When the restoration of the Ghent Altarpiece was unveiled back in January, it had the dubious honor of capturing the attention of Twitter: that’s usually only bad news for those attempting art conservation. After years of rehabilitative work by Belgium’s Royal Institute for Cultural Heritage, Jan and Hubert Van Eyck’s masterpiece, including its central image Adoration of the Mystic Lamb, was reintroduced to the world with an entirely “new” visage for the painting’s animal star. People were instantly confused by the transformation: what was previously an innocuous lamb’s face had seemingly been warped in favor of a humanoid, much more haunting pair of eyes and lips. Now, however, a new paper on the painting published on Wednesday by researchers at the University of Antwerp and the National Gallery of Art has determined that this most recent restoration was indeed faithful to the original version.
With the aid of advanced imaging techniques and spectroscopic analysis to scrutinize the types of chemical treatments the painting had received, researchers determined that the lamb’s face had been altered several times in past centuries in order to adhere more closely to acceptable depictions of holy animals. “The Eyckian face of the Lamb had forward-gazing eyes and effectively a shorter muzzle than the 16th century restorer’s overpainted face,” the study reads. “During the recent conservation treatment that was completed in 2019, conservators were able to safely remove the 16th century overpaint that completely obscured the head and patches of the body in the Lamb of God. The head of the Lamb that emerged has many of the facial features that previously could be elucidated from analysis of the chemical imaging data.”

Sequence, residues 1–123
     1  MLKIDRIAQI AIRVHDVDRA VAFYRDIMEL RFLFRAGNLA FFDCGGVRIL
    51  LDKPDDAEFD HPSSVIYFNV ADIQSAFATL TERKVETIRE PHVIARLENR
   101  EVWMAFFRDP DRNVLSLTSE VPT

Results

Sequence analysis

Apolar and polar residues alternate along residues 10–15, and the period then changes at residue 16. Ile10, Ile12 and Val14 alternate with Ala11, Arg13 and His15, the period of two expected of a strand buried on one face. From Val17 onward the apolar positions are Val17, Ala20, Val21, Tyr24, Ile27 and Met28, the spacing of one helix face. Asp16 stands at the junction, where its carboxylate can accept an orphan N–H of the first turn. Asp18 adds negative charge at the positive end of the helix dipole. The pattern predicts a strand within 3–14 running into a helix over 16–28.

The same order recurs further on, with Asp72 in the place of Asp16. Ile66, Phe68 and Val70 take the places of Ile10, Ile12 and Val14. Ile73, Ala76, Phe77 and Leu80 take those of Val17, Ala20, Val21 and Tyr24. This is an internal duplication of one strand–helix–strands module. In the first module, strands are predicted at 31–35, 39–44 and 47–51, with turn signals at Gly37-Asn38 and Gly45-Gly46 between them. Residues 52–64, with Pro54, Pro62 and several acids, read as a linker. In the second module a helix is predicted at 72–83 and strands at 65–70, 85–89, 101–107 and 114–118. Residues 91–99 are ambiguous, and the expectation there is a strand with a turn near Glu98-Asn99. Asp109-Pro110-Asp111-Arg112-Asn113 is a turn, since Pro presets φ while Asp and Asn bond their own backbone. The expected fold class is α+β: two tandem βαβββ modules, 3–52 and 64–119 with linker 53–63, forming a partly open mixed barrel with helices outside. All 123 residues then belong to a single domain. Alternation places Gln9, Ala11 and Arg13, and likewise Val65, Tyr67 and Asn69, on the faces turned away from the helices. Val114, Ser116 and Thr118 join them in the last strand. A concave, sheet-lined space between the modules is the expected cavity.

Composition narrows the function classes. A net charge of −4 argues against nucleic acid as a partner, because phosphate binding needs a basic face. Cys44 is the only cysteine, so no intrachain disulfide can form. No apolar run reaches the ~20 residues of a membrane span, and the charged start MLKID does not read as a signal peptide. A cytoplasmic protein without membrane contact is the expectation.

Additionally, researchers found that the lamb’s hindquarters, hooves and legs had been subtly altered in past restorations in order to make the creature look more docile and innocuous than the van Eyck’s originally intended. With the lamb returned to its former, otherworldly glory, it’s once again possible to see the animal’s unobscured mystery. The fact that a 15th century lamb’s face went viral on the internet in 2020 is a testament to just how impactful fine art can still be.